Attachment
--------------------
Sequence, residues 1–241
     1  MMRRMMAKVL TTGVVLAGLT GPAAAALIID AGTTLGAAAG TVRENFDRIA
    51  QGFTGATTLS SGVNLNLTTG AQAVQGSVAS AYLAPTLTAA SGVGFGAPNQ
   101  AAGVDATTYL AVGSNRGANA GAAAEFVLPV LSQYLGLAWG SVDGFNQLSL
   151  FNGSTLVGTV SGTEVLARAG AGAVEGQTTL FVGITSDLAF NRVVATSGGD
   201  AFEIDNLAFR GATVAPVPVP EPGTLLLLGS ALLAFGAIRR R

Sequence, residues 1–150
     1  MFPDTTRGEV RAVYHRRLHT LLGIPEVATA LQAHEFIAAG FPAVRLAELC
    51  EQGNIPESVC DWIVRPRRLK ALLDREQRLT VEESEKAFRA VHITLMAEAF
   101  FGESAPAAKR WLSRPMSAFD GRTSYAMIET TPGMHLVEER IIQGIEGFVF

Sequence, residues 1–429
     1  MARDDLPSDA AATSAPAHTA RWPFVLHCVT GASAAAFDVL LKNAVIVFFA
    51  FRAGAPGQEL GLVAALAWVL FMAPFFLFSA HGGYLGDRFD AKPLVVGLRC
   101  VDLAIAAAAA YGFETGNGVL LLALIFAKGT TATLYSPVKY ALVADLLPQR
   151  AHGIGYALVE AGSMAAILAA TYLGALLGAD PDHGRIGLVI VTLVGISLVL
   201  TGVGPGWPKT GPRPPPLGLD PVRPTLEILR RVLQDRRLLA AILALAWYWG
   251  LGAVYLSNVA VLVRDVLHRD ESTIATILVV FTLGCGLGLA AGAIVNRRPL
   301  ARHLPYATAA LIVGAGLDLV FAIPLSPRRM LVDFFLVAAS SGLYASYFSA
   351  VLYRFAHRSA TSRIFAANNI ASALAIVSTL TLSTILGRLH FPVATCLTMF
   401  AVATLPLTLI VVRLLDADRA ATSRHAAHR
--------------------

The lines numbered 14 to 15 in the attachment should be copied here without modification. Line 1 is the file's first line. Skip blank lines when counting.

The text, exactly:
   101  VDLAIAAAAA YGFETGNGVL LLALIFAKGT TATLYSPVKY ALVADLLPQR
   151  AHGIGYALVE AGSMAAILAA TYLGALLGAD PDHGRIGLVI VTLVGISLVL